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THE SIMPLE TRUTH: The “Trusts” were nothing but names on paper. And the paper allegedly issued by the “Trusts” was as worthless as the Trusts themselves. The investors advanced money under the belief that it would mean their money was going through a “pass-through” entity to be managed by the Trust; but the money never went to the trusts and the trusts never acquired any assets from any source, leaving the trusts at best “inchoate” and at worst nonexistent depending upon the state.
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The mortgage loan schedules, assignments, and endorsements are all pure fabrication, illusion smoke and mirrors. This is why 10 years ago the banks were denying the existence of the trusts.
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They created a void between the investors and their money on the one hand and the homeowners and their homes on the other. They stepped into the void acting as principals when they were in fact rogue intermediaries.
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And to cover their tracks they funded loans with money they stole from investors, thus stealing the money and the debt, while at the same time defrauding the borrower and the courts with false claims of ownership leading to the pinnacle of their scheme — a forced sale of property that in fact they had no interest in, based upon a loan that they never funded or acquired. Getting to that auction is the first legal document in the whole fabricated illegal chain of documentation — and it gives them the right to use that foreclosure sale as proof that everything that went before the sale was true and valid. It wasn’t.
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Problems with Lehman and Aurora

Lehman had nothing to do with the loan even at the beginning when the loan was funded, it acted as a conduit for investor funds that were being misappropriated, the loan was “sold” or “transferred” to a REMIC Trust, and the assets of Lehman were put into a bankruptcy estate as a matter of law.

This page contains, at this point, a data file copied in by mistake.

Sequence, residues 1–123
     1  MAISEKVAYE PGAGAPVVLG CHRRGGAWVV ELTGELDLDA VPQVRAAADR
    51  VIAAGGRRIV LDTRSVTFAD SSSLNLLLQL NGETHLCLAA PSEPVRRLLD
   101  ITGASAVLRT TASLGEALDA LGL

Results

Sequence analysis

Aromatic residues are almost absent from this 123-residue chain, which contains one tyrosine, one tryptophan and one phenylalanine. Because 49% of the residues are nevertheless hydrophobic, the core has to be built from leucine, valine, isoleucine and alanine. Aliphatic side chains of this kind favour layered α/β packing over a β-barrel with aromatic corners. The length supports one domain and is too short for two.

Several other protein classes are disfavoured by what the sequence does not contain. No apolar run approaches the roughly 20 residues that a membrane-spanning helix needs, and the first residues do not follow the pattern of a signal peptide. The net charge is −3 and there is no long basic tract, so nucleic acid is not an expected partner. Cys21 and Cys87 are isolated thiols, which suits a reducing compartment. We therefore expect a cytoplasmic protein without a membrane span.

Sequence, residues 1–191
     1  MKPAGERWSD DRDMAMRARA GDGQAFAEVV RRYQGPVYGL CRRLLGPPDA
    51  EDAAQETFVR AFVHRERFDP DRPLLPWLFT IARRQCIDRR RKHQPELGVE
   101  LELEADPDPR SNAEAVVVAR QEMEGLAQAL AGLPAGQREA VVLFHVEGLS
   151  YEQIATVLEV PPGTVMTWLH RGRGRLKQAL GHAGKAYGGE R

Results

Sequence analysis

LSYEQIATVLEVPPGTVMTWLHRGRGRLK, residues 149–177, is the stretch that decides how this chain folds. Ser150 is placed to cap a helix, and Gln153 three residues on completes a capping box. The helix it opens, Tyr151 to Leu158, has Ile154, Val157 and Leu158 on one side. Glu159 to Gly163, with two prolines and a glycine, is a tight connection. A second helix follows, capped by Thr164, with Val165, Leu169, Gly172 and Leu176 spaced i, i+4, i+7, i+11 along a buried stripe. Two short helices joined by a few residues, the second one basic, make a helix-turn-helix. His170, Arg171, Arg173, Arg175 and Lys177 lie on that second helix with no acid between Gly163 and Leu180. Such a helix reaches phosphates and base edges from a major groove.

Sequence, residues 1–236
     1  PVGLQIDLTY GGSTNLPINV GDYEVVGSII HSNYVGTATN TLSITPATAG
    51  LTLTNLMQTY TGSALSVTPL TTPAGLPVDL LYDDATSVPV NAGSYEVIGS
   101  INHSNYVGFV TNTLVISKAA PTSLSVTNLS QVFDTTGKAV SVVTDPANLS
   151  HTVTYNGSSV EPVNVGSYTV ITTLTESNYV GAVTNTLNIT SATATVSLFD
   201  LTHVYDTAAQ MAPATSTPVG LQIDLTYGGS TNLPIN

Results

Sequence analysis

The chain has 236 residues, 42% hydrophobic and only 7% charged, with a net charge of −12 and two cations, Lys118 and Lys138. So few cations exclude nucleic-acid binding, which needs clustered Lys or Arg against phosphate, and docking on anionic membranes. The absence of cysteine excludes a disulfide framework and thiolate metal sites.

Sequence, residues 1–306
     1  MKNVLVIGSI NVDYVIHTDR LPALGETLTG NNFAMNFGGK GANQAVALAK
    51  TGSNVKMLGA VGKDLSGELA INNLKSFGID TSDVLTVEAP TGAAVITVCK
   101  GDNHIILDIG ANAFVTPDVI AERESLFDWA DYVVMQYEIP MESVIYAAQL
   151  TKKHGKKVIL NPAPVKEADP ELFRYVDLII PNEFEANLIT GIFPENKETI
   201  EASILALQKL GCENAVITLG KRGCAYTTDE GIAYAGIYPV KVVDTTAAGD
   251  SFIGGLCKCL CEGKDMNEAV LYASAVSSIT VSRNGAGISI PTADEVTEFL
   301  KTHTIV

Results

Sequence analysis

THE FOLLOWING ARTICLE IS NOT A LEGAL OPINION UPON WHICH YOU CAN RELY IN ANY INDIVIDUAL CASE. HIRE A LAWYER.

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I keep receiving the same question from multiple sources about the loans “originated” by Lehman, MERS involvement, and Aurora. Here is my short answer:
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Yes it means that technically the mortgage and note went in two different directions. BUT in nearly all courts of law the Judge overlooks this problem despite clear law to the contrary in Florida Statutes adopting the UCC.

The stamped endorsement at closing indicates that the loan was pre-sold to Lehman in an Assignment and Assumption Agreement (AAA)— which is basically a contract that violates public policy. It violates public policy because it withholds the name of the lender — a basic disclosure contained in the Truth in Lending Act in order to make certain that the borrower knows with whom he is expected to do business.

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Choice of lender is one of the fundamental requirements of TILA. For the past 20 years virtually everyone in the “lending chain” violated this basic principal of public policy and law. That includes originators, MERS, mortgage brokers, closing agents (to the extent they were actually aware of the switch), Trusts, Trustees, Master Servicers (were in most cases the underwriter of the nonexistent “Trust”) et al.
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The AAA also requires withholding the name of the conduit (Lehman). This means it was a table funded loan on steroids. That is ruled as a matter of law to be “predatory per se” by Reg Z.  It allows Lehman, as a conduit, to immediately receive “ownership” of the note and mortgage (or its designated nominee/agent MERS).
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Lehman was using funds from investors to fund the loan — a direct violation of (a) what they told investors, who thought their money was going into a trust for management and (b) what they told the court, was that they were the lender. In other words the funding of the loan is the point in time when Lehman converted (stole) the funds of the investors.

Knowing Lehman practices at the time, it is virtually certain that the loan was immediately subject to CLAIMS of securitization. The hidden problem is that the claims from the REMIC Trust were not true. The trust having never been funded, never purchased the loan.

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The second hidden problem is that the Lehman bankruptcy would have put the loan into the bankruptcy estate. So regardless of whether the loan was already “sold” into the secondary market for securitization or “transferred” to a REMIC trust or it was in fact owned by Lehman after the bankruptcy, there can be no valid document or instrument executed by Lehman after that time (either the date of “closing” or the date of bankruptcy, 2008).

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The reason is simple — Lehman had nothing to do with the loan even at the beginning when the loan was funded, it acted as a conduit for investor funds that were being misappropriated, the loan was “sold” or “transferred” to a REMIC Trust, and the assets of Lehman were put into a bankruptcy estate as a matter of law.